By Charles Onyango-Obbo
Last week, President Yoweri Museveni was in Kenya, and spent unusually long on a visit to an African country – all of three days. Trade, East African integration, and infrastructure were the big-ticket items on Museveni’s agenda, and he even took a ride on Kenya’s “newish” standard gauge railway (SGR) from Mombasa to Nairobi.
He made a lot of renewed commitments to make the SGR extension a reality. What is going on? Since 2013, there had been a lot of noise about the SGR, but from 2016 when Uganda finally chose to build its pipeline through Tanzania instead of Kenya, the volume was turned down considerably.
year in October, Finance minister Matia Kasaija told Daily Monitor that
the government had put on hold the SGR venture and would instead focus
on revamping the old metre-gauge railway network until “unresolved
issues with Kenya and China are concluded.”
“It is apparent the SGR is going to take us a lot of time to complete. First, we have to wait for Kenya to reach the Malaba [border] point then we can start,” Kasaija said.
He said the government would, in the interim, refurbish the old railway line (the old Lunatic Express, or Metal Snake) as “an alternative” to lower transportation costs for traders. Kenya, it was reported then, was instead focusing on taking “the line to Kisumu port as part of the plan to have Uganda and Rwanda evacuate their goods via Lake Victoria”.
A few days later, Works and Transport minister Monica Azuba denied that SGR ambitions had been scaled back, calling the reports “false and unfounded”.
She said a tender for consultancy and construction of the line had already been awarded, and that Uganda “was making steps towards signing a loan agreement with Exim Bank of China before rolling out the project.”
The delay in starting construction of the line, she said, was deliberate to let Kenya make progress on Phase II of the project.
Apart from the bigger financial and political problems bedeviling it, there are many disheartening stories about the difficulties bogging the SGR implementation unit, but for today we shall pass up on them.
The oil pipeline took away some of the passion, and even interest, for the SGR. It was seen as bigger money and easier money, but now we will have to wait at least for four years. Of the many pipeline issues, perhaps the most unforeseen – and which no one dares to talk about – are those brought by President John Magufuli. Magufuli has swung towards a sharply nationalist direction, and some aspects of that might even be laudable.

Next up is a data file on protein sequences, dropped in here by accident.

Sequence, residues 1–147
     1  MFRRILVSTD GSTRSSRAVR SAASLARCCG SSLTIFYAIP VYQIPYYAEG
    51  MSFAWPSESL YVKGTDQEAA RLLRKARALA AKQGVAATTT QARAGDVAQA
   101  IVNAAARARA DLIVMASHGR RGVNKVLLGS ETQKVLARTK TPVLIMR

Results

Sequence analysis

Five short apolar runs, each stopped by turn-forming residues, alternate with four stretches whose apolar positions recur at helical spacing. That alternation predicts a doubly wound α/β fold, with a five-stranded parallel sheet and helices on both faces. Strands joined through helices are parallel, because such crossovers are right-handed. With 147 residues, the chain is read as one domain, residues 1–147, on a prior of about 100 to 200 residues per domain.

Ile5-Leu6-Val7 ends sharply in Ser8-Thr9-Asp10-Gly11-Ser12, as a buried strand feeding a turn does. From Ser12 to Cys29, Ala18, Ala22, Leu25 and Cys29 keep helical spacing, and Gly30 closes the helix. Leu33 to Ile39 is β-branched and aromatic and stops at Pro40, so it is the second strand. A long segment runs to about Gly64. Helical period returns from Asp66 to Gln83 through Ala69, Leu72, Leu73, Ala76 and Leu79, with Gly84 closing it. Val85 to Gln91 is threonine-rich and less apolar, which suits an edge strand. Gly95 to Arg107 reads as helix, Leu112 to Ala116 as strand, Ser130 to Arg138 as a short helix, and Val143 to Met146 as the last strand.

bigger threat, however, is his erratic policy-making, and stridently
anti-capital moves, which have chased away a lot of even Tanzanian
money, not just foreign investors’ – with Nairobi and Dubai being big
beneficiaries of the capital flight.
That, alone, could push the flow of Uganda’s oil much further out than 2025.
decision to take the oil pipeline through Tanzania, while it didn’t
change the thinking of the political leaders like President Uhuru
Kenyatta, dramatically changed the view of Kenya’s influential, but
rather low-key (compared to Uganda) economic bureaucrats.
The line to Kisumu, and bulking out the city’s port facilities, became a more attractive option to them in the wake of losing the pipeline because it made it faster and cheaper for Rwanda, which now imports most of its goods through Dar es Salaam (although it still exports more through Mombasa) to still use Mombasa, and get its goods over Lake Victoria.
And Kisumu had the added advantage that it would also allow Kenya to loop to the Mwanza region, over Lake Victoria.
The next twist in this economic drama was the signal from Kampala – driven partly by geopolitical considerations but also rivalry with Kigali – to shift priority to an SGR to South Sudan, instead of Rwanda. That caused some alarm in Nairobi, which is working on its SGR line to South Sudan!
The oil pipeline to Tanzania, to recap, forced Kenya to protect the competitiveness of its coastal assets against threats from Tanzania, with a greater shift to investing in the line to Lake Victoria and port facilities in Kisumu.
And its SGR line to South Sudan, is a bid to cover its northern flank, against the threats of the series of ports coming up in the Horn, especially the grand ambitions of Djibouti. And yet, Uganda wants to muscle into that by doing a line to South Sudan before Rwanda.
It is a remarkable example of the ripples that have been kicked off by just one thing; the discovery of oil, and the related decision on the pipeline. For Uganda, then, the most game-changing decision (or action) it needs to make now is not so much the SGR from the Kenya border to Kampala – but from Kampala to Rwanda.
Mr Onyango-Obbo is the publisher of Africa data. visualiser Africapedia.com and explainer site.
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